So in 2008, the two took leave from KU and went to study and create at the Shenzhen Fine Art Institute.

They weren’t the first Kenyan artists to study in China. Kisii stone sculptor Elkana Ong’esa had been there years earlier, his 12 foot tall sculpture “Our mother” stands strategically in granite at the heart of Shenzhen University.

But what differentiated Ndekere from the rest is the way he put all the art he produced while in China up online, using social media.

“We were also covered extensively by Chinese media,” the artist said. “It seems the Chinese hold artists in high regard and respect their work,” added Ndekere who sold most of the paintings he produced in Shenzhen to Chinese patrons.

“I also donated quite a few of my painting, both to the Chinese government and to the Shenzhen Institute.”

After returning to Kenya, the notoriety he’d acquired in China followed him all the way back to KU. Xu ‘Cindy’ Liang was a fine art major from the Luxun Art Academy in China, who found Ndekere’s art online even before she came to Kenya in 2008 and met him face to face.

Today, the two are business partners, in the process of organizing an exhibition of Kenyan contemporary art in Beijing. Featuring a large number of works by Kenyan artists hand-picked by Liang, most of the art has already gone to China since the exhibition is scheduled to open this month.

But even before Liang found Ndekere online, he was contacted by the China Youth Foundation.

“The organization builds schools all over Africa in ‘disadvantaged’ areas. In Kenya they build in semi-arid areas,” he said.

CYF had seen the way Ndekere had donated his art and hoped he would do the same for their fundraising for their Hope Schools Kenya.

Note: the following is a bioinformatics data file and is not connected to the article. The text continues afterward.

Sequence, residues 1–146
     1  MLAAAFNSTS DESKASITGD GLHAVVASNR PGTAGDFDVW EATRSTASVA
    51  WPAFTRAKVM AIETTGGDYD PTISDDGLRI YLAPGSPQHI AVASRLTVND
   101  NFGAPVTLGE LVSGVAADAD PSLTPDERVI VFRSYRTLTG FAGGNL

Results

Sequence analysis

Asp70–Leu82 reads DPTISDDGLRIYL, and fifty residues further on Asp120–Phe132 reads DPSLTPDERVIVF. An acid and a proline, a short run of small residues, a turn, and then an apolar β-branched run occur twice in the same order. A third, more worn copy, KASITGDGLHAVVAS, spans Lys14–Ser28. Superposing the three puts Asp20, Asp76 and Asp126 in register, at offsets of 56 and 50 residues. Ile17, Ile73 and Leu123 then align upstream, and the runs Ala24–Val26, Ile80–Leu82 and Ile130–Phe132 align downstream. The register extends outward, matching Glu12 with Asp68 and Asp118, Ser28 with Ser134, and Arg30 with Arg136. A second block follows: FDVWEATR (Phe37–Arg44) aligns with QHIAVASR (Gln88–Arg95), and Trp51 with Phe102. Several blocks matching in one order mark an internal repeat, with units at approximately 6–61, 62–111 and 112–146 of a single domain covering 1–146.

CYF requested that the artist donates a minimum of twenty paintings to raise funds for the school. In return he would get a second trip to China.

“I was also asked to invite other Kenyan artists to donate their art, but none of them apart from Kaguru were interested.”

The key factor to Ndekere’s art selling for Ksh22 million was CYF’s decision to invited 500 of the wealthiest Chinese entrepreneurs to their auction. These are some the most avid art collectors in the world, according to a 2010 study of the Global Art Market by a gallery based in Maastricht. Holland.

It was they who got into a bidding ‘war’ over one of Ndekere’s works. The result was that the Hope Schools in Kenya will be all the richer for the value those Chinese entrepreneurs heaped onto his art.

The artist himself got a tiny fraction of the sale, but Ndekere is not complaining. “I was given a two-week all expenses paid tour of China in appreciation for my donation,” he said.

Now, because he is not the type to hoard his good fortune, Ndekere is helping Cindy Liang take art by Kenyans to China. Among them are Bertiers Mbatia, Joseph Cartoon, Kaafiri Kariuki and Tabitha wa Thuku, as well as younger artists like Boniface Maina and John Maingi.

The company Ndekere and Liang established together with Kaguru and Liang’s uncle, a Nairobi-based businessman named Tao is intent on promoting Kenyan art in China. Frankly, the timing couldn’t be more perfect as 2012 reports on the global art market note that Chinese art patrons are now the biggest buyers of art in the world.